Simply put, it's harder to play CMx2 than CMx1. It demands more work up and down the line, and the more chaotic the fight becomes, the more which must be monitored, noted, factored in and addressed. I tend to channel saturate quickly and find, even with iterated replay, that lots of times I have no idea who shot my men or AFVs in CMx2, coupled with very little sense of what sort of shape the men are in. And you can never bring back troops who've broken and run, never mind a plethora accounts of good officers doing exactly that. How people play CMx2 in RT is beyond me, and I guarantee I couldn't have played CMx1 that way, either. I played quite a few battles in CMx1 which would be impossible for me in CMx2, even with a consistently game functional brain. Trappenjagd I've mentioned, but another is CMAK's masterful Tiger Valley, and CMBO's Fire on the Mountain would've been outright madness inducing. I can't conceive how a full recovery to my brain status before the accident would ever allow me to be able to play such scenarios recast into CMx2 terms. Simply overwhelming workload. Thus, shifting from CMx1 to CMx2 has drastically descoped what battle size I can handle, in the process greatly reducing my gaming horizons. To me, there's no real way of comparing CMBB to CMx2 anything. They differ in scale, scope, time span, granularity and so much more. They are two entirely different gaming experiences. The great thing about CM is there are lots of choices. Sadly, some of them are frozen in time, their wonderful flexibility and impressive in-game capabilities not withstanding.

And while you're here, Steve, would you please put out some CM T-shirts? the hard part, the art, is already done. Not only would your customer base happily pounce on them, but they would be great marketing, too. Why? The average T-shirt graphic is seen by 10K people over the life of the shirt, or so I've read. Below the graphic you could stencil: Inquire within. The best way to sell is word of mouth. Ever tried to shut up an excited CM player? Just think of the exposure! There are hordes of gamers who've never heard of CM, and this would be a great way of exposing them to the game. Many moons ago I showed my nephews CMBO, and when CM: Touch came out, it wasn't hard at all to explain it as being like CMBO but not needing a computer (the nephew who bought Touch plays on his Android cell phone). This was a big selling point because neither he nor his brother had a computer several years ago when I visited. That's the power of word of mouth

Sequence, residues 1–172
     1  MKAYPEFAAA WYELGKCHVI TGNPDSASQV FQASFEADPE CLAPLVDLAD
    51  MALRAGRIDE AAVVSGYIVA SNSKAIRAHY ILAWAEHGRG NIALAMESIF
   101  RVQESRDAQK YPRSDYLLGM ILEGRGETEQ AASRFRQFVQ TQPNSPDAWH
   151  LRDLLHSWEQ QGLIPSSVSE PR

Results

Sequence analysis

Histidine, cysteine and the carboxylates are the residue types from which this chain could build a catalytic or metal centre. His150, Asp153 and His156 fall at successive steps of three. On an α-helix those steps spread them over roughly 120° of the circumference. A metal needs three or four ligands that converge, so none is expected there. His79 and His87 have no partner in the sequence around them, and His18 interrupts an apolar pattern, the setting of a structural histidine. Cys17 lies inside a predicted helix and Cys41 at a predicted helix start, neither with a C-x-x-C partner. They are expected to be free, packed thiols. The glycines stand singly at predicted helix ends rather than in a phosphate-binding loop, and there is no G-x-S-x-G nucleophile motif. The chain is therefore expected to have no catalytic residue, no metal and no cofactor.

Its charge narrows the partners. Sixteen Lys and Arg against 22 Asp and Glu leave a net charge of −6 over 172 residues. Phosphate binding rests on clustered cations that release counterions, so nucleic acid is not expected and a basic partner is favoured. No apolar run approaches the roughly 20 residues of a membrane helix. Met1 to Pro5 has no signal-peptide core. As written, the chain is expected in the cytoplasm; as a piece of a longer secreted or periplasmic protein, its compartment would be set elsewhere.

Regards,

 

John Kettler

Edited by John Kettler

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Steve, would you please put out some CM T-shirts?... The average T-shirt graphic is seen by 10K people over the life of the shirt, or so I've read. 

Heh, I'd probably buy one, but I'd guarantee that 10k people wouldn't see it, because I probably wouldn't wear it in public.  

 

Most of the questions I'd get would be more along the lines of "I didn't know you were a Nazi/Communist?" rather than "Wow, looks like a cool game, where I can I sign up?".   YMMV.

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76mm,

 

Controversy creates buzz. If you don't believe me, send some kid to school these days in T-shirts covering one a host of issues, then watch the fur fly."Now, with the CM tees out, imagine this headline.

 

Boy, 12, sent home for wearing zero gore historical wargame tee to school. Boy's parents ask "If they teach the subject of WW II, why can't he wear it?"

 

Speaking on behalf of Battlefront.com, which he co-founded, game designer and prescient historian Steve Grammont, whose combat sims have repeatedly eerily predicted major crises, denounced the school administration's act as "unwarranted overreaction to a nonproblem." He went on to point out "Contrary to what you might think, most wargamers are pacifists, for they, far better than most, other than those who've seen the elephant, and we have many former and current military personnel in our audience, understand how horrible and destructive war is, having studied it studied it in detail. "Combat Mission is not, has not been and never will be about gore." He then went on to quote the famous George de Santayana passage "Those who refuse to learn from the past are destined to repeat it," then closed by decrying the lack of history knowledge in the American public and the consequent negative impacts on the body politic.